Everything you should know about Nipah virus


The Nipah virus was confirmed in Kozhikode on 19 May 2018 which is the first outbreak in South India. From the Kozhikode and Malappuram districts of Kerala, a total of 23 cases were recognised, including the index case with 18 laboratory-confirmed cases and 17 deaths as of June 1, 2018.

Nipah virus that terrified Kerala in 2018 is reported again in Kozhikode with the death of a 12-year-old boy on Sunday morning.

Health minister Veena George, who addressed the media in Thrissur, said that the 3 samples sent for testing confirmed the Nipah infection in the child. The serum, plasma and CSF tests turned positive for the Nipah infection. The Central Government has also rushed a team of the National Centre for Disease Control to the state. The patient was initially taken to a private hospital, and was later shifted to the Kozhikode Medical College. However, he was later shifted back to a private hospital.

Nipah 2018

The Nipah virus was confirmed in Kozhikode on 19 May 2018, and it was the first outbreak in South India. From Kozhikode and Malappuram districts, a total of 23 cases were identified, including the index case. Out of 18 laboratory-confirmed cases, 17 deaths were registered by June 1, 2018.

The incubation period of the virus was 9 days. The transmission was from person to person where the primary source was the origin for 15 other cases including 2 healthcare workers. More than 2600 contacts were under surveillance.

The index case developed symptoms of the disease on 2nd May 2018. On 3rd May, he was taken to the hospital, where he was treated for two days.

On May 5, he was taken to another hospital in an ambulance and his father was with him. He died on the evening of the same day. Of the 22 additional cases recognised, 10 cases were from the contacts of the first source in the first hospital, and 10 were from the contacts of the index case from the second hospital. The first set of infected people contains the relatives of the index case, patients who came in contact with the index case, and their relatives. Three remaining cases were secondary infections.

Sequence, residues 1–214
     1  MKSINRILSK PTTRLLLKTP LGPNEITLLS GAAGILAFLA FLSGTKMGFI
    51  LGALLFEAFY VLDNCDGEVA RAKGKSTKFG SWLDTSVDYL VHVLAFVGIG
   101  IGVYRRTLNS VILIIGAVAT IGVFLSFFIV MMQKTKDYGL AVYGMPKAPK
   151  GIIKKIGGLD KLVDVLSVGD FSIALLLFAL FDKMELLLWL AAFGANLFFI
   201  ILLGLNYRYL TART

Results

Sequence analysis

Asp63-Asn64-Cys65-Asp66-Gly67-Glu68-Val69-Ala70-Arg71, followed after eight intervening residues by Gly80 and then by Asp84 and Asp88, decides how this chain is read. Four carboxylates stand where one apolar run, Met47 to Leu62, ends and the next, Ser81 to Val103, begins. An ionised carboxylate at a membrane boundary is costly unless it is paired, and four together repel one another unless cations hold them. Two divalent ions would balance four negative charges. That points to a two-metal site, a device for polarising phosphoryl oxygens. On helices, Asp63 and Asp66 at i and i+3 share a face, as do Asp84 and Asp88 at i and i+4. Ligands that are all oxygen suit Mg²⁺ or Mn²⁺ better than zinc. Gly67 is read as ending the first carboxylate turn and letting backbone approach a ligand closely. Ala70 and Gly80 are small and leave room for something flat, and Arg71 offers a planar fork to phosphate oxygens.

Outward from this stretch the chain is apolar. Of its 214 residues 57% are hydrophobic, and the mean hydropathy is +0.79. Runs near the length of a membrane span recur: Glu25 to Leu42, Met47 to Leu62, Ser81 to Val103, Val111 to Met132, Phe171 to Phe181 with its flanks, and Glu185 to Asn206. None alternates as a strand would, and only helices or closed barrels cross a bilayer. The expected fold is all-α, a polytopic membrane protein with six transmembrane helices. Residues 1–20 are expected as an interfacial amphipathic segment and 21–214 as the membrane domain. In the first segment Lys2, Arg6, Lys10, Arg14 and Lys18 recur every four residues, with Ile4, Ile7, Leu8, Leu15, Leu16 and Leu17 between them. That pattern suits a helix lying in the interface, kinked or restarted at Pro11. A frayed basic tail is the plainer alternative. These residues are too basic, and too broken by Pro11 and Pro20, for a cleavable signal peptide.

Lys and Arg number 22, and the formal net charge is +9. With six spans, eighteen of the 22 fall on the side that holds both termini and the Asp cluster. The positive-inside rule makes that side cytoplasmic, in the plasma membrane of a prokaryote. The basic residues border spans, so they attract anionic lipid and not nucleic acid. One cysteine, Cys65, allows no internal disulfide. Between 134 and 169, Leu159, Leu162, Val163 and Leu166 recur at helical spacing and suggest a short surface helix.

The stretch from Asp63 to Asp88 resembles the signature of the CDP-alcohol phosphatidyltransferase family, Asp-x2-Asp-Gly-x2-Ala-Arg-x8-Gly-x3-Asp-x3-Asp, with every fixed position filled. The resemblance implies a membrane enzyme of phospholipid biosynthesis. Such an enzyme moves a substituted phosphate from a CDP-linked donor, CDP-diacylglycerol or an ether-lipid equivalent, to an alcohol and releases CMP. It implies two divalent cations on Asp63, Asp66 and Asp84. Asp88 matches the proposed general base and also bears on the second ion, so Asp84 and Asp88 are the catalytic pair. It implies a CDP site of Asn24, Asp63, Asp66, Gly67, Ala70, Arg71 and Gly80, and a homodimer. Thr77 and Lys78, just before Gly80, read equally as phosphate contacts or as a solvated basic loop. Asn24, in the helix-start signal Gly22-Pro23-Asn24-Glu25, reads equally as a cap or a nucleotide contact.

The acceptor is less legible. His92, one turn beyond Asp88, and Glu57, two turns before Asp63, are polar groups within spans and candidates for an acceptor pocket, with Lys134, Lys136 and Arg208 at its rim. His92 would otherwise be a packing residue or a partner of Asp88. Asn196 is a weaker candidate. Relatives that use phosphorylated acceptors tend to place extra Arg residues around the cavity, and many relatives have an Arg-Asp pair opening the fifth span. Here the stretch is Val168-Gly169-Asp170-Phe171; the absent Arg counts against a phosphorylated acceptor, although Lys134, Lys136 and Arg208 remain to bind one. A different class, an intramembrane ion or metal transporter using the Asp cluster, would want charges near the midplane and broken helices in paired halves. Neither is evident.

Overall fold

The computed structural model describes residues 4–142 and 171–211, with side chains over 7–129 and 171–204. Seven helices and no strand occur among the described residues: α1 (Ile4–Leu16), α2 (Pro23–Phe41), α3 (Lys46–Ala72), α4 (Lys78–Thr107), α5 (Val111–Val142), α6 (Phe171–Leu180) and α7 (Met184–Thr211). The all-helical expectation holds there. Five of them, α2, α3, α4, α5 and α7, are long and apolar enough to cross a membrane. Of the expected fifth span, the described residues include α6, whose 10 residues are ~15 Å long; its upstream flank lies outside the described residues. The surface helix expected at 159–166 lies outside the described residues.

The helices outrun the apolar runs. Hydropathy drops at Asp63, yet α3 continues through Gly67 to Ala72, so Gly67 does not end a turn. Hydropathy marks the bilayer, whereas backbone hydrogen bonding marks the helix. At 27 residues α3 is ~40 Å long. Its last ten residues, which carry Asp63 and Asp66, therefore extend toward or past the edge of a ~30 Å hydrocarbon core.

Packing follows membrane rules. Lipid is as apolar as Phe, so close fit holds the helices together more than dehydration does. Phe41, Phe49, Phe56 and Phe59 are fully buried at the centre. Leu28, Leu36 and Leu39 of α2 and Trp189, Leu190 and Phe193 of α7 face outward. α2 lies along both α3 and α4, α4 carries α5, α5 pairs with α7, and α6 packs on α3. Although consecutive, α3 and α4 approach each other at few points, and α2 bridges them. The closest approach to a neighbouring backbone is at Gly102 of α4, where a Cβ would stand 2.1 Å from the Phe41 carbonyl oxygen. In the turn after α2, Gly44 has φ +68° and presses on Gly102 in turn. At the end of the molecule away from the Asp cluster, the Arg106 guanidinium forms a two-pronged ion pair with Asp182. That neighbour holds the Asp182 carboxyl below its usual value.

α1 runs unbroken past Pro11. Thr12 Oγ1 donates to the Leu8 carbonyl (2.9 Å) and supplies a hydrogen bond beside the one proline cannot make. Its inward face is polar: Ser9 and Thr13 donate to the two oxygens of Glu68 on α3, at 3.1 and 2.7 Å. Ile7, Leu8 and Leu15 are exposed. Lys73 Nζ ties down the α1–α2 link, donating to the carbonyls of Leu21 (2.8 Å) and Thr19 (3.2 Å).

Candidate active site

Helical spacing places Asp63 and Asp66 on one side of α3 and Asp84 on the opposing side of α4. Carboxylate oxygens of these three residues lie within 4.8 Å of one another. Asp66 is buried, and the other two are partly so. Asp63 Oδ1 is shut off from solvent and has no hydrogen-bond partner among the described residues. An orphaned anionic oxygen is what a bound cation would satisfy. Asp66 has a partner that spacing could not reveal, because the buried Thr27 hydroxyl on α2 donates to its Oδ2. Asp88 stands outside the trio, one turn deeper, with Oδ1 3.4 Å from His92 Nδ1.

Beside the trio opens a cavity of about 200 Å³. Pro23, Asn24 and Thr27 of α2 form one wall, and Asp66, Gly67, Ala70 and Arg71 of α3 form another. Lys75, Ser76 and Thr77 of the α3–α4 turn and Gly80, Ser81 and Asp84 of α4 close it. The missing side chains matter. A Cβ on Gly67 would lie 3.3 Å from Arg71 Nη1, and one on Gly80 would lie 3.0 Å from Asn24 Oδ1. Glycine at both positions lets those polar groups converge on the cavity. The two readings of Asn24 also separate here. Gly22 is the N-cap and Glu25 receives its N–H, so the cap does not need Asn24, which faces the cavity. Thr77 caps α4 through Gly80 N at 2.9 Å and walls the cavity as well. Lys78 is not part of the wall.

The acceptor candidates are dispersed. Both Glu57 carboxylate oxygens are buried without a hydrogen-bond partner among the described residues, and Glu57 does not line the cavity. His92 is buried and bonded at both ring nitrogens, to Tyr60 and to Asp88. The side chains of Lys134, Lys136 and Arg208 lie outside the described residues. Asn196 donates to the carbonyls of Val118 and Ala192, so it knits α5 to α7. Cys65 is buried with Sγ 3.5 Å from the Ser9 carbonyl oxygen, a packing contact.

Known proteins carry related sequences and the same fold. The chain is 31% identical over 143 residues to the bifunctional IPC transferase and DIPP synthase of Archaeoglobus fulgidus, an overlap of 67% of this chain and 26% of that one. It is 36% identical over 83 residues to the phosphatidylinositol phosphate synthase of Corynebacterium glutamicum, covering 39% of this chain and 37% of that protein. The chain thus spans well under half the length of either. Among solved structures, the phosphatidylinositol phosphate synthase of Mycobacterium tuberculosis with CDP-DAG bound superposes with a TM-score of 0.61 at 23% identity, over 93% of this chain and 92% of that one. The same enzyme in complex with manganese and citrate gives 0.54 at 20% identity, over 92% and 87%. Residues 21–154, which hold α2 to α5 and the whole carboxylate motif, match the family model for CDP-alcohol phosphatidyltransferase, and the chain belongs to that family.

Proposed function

Disease control actions rose immediately after the confirmation of the virus. All the people with symptoms were admitted in isolation-ward. Public awareness was strengthened via mass media. The outbreak was contained within 3 weeks and declared end by July the same year.

Return of Nipah in 2019

In June 2019, Nipah virus infection was once again detected in a 23-year-old male from Ernakulam. The man, from a village near North Paravur, underwent treatment at a private hospital for 54 days. According to the governement’s report, Health Department had kept 338 people under observation and 17 of them in the isolation of a government hospital in Kalamassery,

Just before being admitted to the hospital, he visited a training camp in Thrissur district. Immediately the people in three districts were scanned to find all possible contacts he had in the immediate past. All the suspected contact cases were kept under strict monitoring. Finally, the government managed to control the disease without reporting any secondary cases of infection. Later, health minister KK Shailaja had announced the district to be free from Nipah Virus.

How can the virus be detected?

Nipah virus infection can be diagnosed with clinical history during the acute and convalescent phases of the disease. The main tests used are real-time polymerase chain reaction (RT-PCR) from bodily fluids and antibody detection via enzyme-linked immunosorbent assay (ELISA).

Other tests used include polymerase chain reaction (PCR) assay and virus isolation by cell culture.

How to fight the Nipah Virus

  1. Precautions to be taken to prevent transmission of the disease from infected bats.
  • Infected bat droppings can infect the human body. Avoid all circumstances for this. For example, avoid toddy collected in open pots from places where there are a lot of bats.
  • Avoid bat-bitten fruits like guava and mango.
  • Precautions to be taken to prevent transmission of the disease from an infected person.
  • Wash hands thoroughly with soap and water after coming in contact with the patient.
  • Keep a distance of at least one meter from the patient and away from the patient's bed
  • Wash and dry clothes separately
2. What hospitals need to take care of to prevent the spread of the disease

  • Admit all patients with symptoms to the isolation ward
  • Wear gloves and a mask when talking to, examining, or engaging with other people suspected of having the disease.
  • Strictly take all precautions taken for infectious diseases in such patients.
  • Inform the authorities if symptoms are suspected in a patient admitted.
3. Self-fight from Nipah

  • Masks, gloves, should be worn while in contact with the patient. Extreme care and safety must be exercised when removing them after use.
  • Wear N-95 masks
  • Wash your hands thoroughly with soap and water for at least 20 seconds.
  • Hands may be washed after handling with disinfectants
4. Precautions to be taken to prevent spread from the deceased

  • Avoid contact with face and body fluids while transporting the body
  • Better avoid kissing and touching cheeks.
  • While bathing the deceased cover the face
  • After bathing the corpse, the person should take a bath
  • Items such as clothes and utensils used by the deceased should be washed with soap and detergent.
  • Only limited number of people should be allowed to attend funerals.
Call the 24-hour helpline number of the health department for queries and help. Numbers: 0471 2552056, 1056 (Toll-Free)

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